Mayor Durkan Announces Citywide Free Parking to Support Residents Staying Healthy at Home and Essential Workers Who Must Drive

Seattle (April 3, 2020) – Mayor Jenny A. Durkan today announced that the City of Seattle will temporarily eliminate paid and time-limited street parking rules to support residents and businesses during the COVID-19 pandemic. Following Governor Inslee’s extension of the “Stay Home, Stay Healthy” order, the City will immediately implement these changes to parking so residents do not have to worry about tickets while they remain at home. Elimination of paid parking will also facilitate easier access to essential businesses for employees and customers.

Beginning tomorrow, April 4, The Seattle Department of Transportation (SDOT) and Seattle Police Department (SPD) will implement the following temporary changes to parking enforcement in the City of Seattle:

  • No payment will be required on streets with paid parking.
  • Hourly time limits will not be enforced outside of Restricted Parking Zones (RPZ).
  • Loading zones up to 30-minutes, including new food pick-up zones, will continue to be enforced.
  • Other previously announced temporary parking enforcement changes including suspension of the 72-hour parking rule will continue until further notice.
  • Special zones will still be in effect, including new zones for hospital and human services staff as well as existing zones for freight, food trucks, or charter buses. 
  • Restricted Parking Zone (RPZ) time limits will be enforced so that people who live in RPZ neighborhoods can still find parking near their homes.

“As we adapt to a new normal, we’ve pioneered new successful strategies to help residents and workers including new food pick up zones and new zones for health care workers and human service providers. To improve access to parking for the City’s essential workers, residents remaining at home, or residents visiting essential services, we can provide a small relief for paid parking,” said Mayor Durkan. “We will continue to evaluate and adjust parking regulations to support community needs until we make it through this pandemic.”

“The success of our newly created hospital staff permit program indicated the need to explore additional steps to support people doing essential, front-line duties,” said Sam Zimbabwe, Director of Seattle Department of Transportation.  “Paid parking relief and time limit relief will effectively and immediately provide access to parking to support these essential workers.”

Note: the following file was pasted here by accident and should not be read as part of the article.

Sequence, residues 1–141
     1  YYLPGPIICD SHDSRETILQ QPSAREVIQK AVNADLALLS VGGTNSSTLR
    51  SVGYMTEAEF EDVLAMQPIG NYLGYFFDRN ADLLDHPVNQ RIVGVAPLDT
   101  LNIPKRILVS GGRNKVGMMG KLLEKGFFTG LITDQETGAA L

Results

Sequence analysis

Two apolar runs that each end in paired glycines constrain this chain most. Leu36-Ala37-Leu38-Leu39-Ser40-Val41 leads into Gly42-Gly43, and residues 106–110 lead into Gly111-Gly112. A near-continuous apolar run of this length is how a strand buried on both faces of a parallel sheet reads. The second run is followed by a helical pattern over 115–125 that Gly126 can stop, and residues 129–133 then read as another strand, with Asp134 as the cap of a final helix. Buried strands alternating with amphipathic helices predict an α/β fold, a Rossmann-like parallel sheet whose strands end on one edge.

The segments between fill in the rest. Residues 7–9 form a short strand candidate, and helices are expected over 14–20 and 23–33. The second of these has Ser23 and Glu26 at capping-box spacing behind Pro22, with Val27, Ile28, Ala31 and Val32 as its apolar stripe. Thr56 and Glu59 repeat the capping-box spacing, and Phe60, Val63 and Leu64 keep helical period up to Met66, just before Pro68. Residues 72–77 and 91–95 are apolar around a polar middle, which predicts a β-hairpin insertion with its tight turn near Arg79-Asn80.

“For those workers at nonprofits, grocery stores, and others on the frontlines, the last thing they should have to worry about is parking meters and tickets during this pandemic,” said City Councilmember Alex Pedersen, Chair of the Council’s Transportation Committee. “With the need during this public health emergency for social-distancing and reduced transit services, I support the Mayor and our Seattle Department of Transportation to allow free parking on public streets so that frontline and essential workers can be where they need to be to assist Seattle during these trying times.”

“I have heard from restaurateurs and residents alike who have been ticketed while getting food to-go or dropping off family members at essential jobs,” said City Councilmember Dan Strauss, District 6. “My office assisted a resident retrieving their improperly towed vehicle during this emergency and no one should have extraneous and avoidable stress added to their lives. We should not be nickel and diming Seattleites during this emergency.”

“People who are working in our shelters are on the ‘front lines’  in this COVID-19 crisis, too,” said City Councilmember Andrew Lewis, District 7. “Like fire fighters and health care workers, people staffing our shelters are also risking their health every day to take care of those who have no other way to stay home. While we will never repay what we owe them for their service right now, allowing them to maximize their time at home and in our shelters without worrying about parking or parking tickets is an important start.”

“Free parking will help to support pick-up options for our small businesses and alleviate the burden on our essential workers and residents in Pioneer Square,” said Lisa Dixon Howard, Executive Director, Alliance for Pioneer Square. “Unprecedented times call for new and innovative solutions and we appreciate the City of Seattle’s efforts to adjust during this very challenging time.”

All other parking regulations will still be enforced – including no parking zones, peak period parking restrictions for transit and travel lanes, disabled permit parking spaces, commercial and passenger load zones, and temporary no parking areas designated by a-frame signs, including temporary food pick-up zones. The Seattle Police Department will prioritize enforcement of parking restrictions that protect safety and maintain access for transit, freight and emergency vehicles. 

Reinstating paid parking will be phased in after the stay home order is lifted. At that time, SDOT will reinstate a minimum payment of $0.50 per hour in all paid areas for three weeks. SDOT will then begin to adjust rates based on demand as customers return to business districts and need reliable access at the curb.   More information about these temporary parking changes can be found here.